Leonard Cohen describes Ten New Songs, his first studio album in nine years, as “entirely reconciled” – immediately adding, “With what, I don’t know.” The serene and optimistic vibe of Songs might have something to do with the fact that Cohen spent much of the Nineties at a Zen retreat atop Mount Baldy in Southern California, meditating, writing and performing chores for his teacher, Sasaki Joshu Roshi.
Born in Montreal in 1934, Cohen was a published poet before he hitched his wagon to the Sixties singer-songwriter boom. He remained a cult figure for much of his career, though his last album, The Future, resonated with alt-rock artists like Trent Reznor. The younger generation has embraced his meticulously crafted lyrics and his dark vision of the world –— “Give me crack and anal sex/Take the only tree that’s left/And stuff it up the hole in your culture” — –all delivered in a baritone so ravaged it makes Tom Waits sound like he’s auditioning for AJ’s slot in Backstreet Boys. Chainsmoking and wearing a three-piece suit, the ever-courtly Cohen sat down for an interview at the Mayflower Hotel in Manhattan.
When you went to the retreat on Mount Baldy, did you know you’d be staying for five years?
I had an idea it’d be for quite a while, but I’ve been associated with that community for over thirty years, so it was not a dramatic move, either going up or coming down. I was approaching the age of sixty at the end of my last tour, and Roshi was approaching the age of ninety, so I thought it was the appropriate time to hang with him. He’s now ninety-four, by the way, and in excellent health.
What were your days like? Was there a lot of studying?
Not so much studying in any formal sense. You know, there’s a Zen saying: “Like the pebbles in a bag, the monks polish one another.” Most people think of a retreat as a place of tranquillity and spaciousness, but it’s a very busy place. You get up early, 2:30 or 3. I was a cook for the old teacher.
Did you cook much before?
As a father, I’d done cooking, but his diet was very simple. Lots of soups. He liked my teriyaki salmon.
And so you’re now a Zen monk?
Technically, yes. I was never looking for a new religion. I was perfectly happy with the religion I was born into. It was never a matter of spiritual aspiration. I wanted to be close to Roshi, and it seemed to be appropriate to enter the formality of the situation.
But it wasn’t spiritual for you?
Not really, no. For me, it was one of the many attempts I’ve made in the past thirty or forty years to address a condition known as acute clinical depression. I tried all the conventional remedies – wine, women and song. Nothing worked, including religion. But fortunately, this condition dissolved.
With being on the mountain?
I don’t know. I don’t know how it began or how it ended, but, thankfully, it did end. Nothing worked for me. Not the recreational drugs, nor the obsessional drugs, nor the pharmaceutical medications. The only effect Prozac had on me, I confused with a spiritual achievement – I thought I’d transcended my interest in women. I later learned the destruction of the libido is one of the side effects. But it’s a mysterious conclusion, because I really don’t know what happened. I read somewhere that as you get older, the brain cells associated with anxiety begin to die. [Pauses] A lot of other brain cells die, too, so you’ve got to watch out.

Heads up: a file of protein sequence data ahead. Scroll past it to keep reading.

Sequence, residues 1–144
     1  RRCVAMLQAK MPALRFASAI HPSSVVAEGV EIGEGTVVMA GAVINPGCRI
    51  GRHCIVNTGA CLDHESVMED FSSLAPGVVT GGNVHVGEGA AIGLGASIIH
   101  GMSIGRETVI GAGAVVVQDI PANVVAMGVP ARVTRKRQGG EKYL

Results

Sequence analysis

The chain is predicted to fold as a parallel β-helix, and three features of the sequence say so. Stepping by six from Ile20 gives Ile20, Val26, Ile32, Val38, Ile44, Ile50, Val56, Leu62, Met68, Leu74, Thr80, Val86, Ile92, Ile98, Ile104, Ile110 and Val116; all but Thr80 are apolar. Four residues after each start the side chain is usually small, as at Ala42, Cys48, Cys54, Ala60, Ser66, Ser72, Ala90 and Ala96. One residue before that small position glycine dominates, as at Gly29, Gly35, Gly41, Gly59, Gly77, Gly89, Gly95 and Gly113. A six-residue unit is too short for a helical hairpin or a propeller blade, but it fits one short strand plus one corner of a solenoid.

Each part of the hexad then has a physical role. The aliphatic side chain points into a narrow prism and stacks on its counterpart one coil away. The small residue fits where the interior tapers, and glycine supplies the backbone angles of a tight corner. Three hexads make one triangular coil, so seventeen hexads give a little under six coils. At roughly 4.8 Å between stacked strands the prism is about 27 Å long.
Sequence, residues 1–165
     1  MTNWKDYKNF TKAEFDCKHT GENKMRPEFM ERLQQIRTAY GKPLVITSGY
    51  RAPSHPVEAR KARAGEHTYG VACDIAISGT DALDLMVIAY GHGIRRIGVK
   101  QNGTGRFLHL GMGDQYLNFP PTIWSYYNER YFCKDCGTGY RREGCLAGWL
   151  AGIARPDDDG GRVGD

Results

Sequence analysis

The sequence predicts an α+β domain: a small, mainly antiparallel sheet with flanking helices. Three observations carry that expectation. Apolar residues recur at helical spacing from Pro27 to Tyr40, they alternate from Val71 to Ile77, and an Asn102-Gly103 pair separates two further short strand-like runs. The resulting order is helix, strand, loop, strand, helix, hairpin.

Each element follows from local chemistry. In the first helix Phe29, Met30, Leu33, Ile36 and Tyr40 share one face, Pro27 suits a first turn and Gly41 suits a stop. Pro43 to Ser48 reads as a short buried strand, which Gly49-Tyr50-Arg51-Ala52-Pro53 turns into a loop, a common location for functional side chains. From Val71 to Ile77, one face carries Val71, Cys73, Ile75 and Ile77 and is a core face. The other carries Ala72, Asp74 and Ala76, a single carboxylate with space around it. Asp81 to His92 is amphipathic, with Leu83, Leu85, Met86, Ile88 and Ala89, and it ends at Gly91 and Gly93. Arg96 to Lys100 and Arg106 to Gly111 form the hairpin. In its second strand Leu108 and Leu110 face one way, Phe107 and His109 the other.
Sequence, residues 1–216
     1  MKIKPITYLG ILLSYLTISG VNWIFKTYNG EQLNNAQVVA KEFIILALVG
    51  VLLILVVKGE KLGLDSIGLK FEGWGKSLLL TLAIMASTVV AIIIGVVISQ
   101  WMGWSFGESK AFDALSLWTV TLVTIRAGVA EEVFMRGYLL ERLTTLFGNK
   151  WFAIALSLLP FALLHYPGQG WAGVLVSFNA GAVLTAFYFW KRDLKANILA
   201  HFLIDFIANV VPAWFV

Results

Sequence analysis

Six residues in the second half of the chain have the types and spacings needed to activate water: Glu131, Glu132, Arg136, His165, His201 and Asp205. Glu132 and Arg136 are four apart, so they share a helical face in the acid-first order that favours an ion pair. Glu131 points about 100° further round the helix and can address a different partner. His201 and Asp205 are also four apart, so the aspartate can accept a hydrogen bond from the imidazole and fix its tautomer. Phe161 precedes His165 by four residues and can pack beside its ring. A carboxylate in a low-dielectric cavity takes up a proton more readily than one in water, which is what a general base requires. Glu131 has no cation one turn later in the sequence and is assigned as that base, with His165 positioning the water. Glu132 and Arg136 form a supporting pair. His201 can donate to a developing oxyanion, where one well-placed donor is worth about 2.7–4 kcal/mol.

Tell me about your first hand in Montreal.
I was part of a square-dance band called the Buckskin Boys. We were playing traditional square-dance music, like “Turkey in the Straw.” One of the members played a bucket bass and called. Another played harmonica. I played rhythm guitar.
No, but we all had buckskin jackets, hence the name. I listened to country as a kid. I could get WWVA from West Virginia, late at night. Have you heard George Jones’ last record, Cold Hard Truth? I love to hear an old guy laying out his situation. He has the best voice in America.
Any younger artists you’re listening to now?
I didn’t get a chance to listen to much up on the mountain. Rufus Wainwright is a good friend of my daughter’s, so I know his work. I listen to whatever’s put in front of me: Eminem, Spice Girls, everybody.
What do you think of Eminem? In hip-hop, so much attention is paid to the lyrics.
What is hip-hop, actually?
Yes! On the left wing politically and socially, there’s rap. On the right wing, there’s country music. The lyrics are good in both camps.
On The Future, songs like the title track and “Democracy” were very apocalyptic. Are you more hopeful about the state of democracy these days?
I don’t care terribly much about my own opinions. I find my own opinions very tiresome and predictable. I’ve always tried to keep opinions out of my work. That’s why I take so long to write the stuff – so that it goes beneath the opinion, the slogan, the stance. You know, in a conversation in a bar over a drink, I can dredge up an opinion. I can even dredge up a belief. But I don’t have much conviction in these matters.
In the course of your career, did your lyrics change as your singing voice became rougher?
Maybe, but one of the decisive moments in my writing and singing came during a recording session which Roshi happened to attend in New York. I think it was in the early Eighties, when I was recording Various Positions. At that time, my career was pretty much eclipsed. Columbia didn’t even put out that record in America. And, they neglected to tell me. Anyway, Roshi and I were drinking a very good, very powerful Chinese liquor. Roshi was dozing off, and I didn’t think he was terribly interested in the recording process. But the next morning over breakfast, I asked morning over breakfast, I asked him what he thought. He said, “Leonard, you should sing more sad.” He meant for me to surrender to the emotions. To accept it.
Do you think there’s a lot of humor in your lyrics, too?
I think there’s a laugh a minute.